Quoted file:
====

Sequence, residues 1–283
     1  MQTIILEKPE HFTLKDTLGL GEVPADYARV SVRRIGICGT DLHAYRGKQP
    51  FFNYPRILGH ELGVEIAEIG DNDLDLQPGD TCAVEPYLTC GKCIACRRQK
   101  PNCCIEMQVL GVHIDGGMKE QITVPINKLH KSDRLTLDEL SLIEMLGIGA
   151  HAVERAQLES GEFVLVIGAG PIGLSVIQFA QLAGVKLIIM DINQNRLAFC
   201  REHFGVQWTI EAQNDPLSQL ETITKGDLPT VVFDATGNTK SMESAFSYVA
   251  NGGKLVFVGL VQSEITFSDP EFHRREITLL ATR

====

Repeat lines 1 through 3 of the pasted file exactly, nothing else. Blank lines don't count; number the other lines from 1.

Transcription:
Sequence, residues 1–283
     1  MQTIILEKPE HFTLKDTLGL GEVPADYARV SVRRIGICGT DLHAYRGKQP
    51  FFNYPRILGH ELGVEIAEIG DNDLDLQPGD TCAVEPYLTC GKCIACRRQK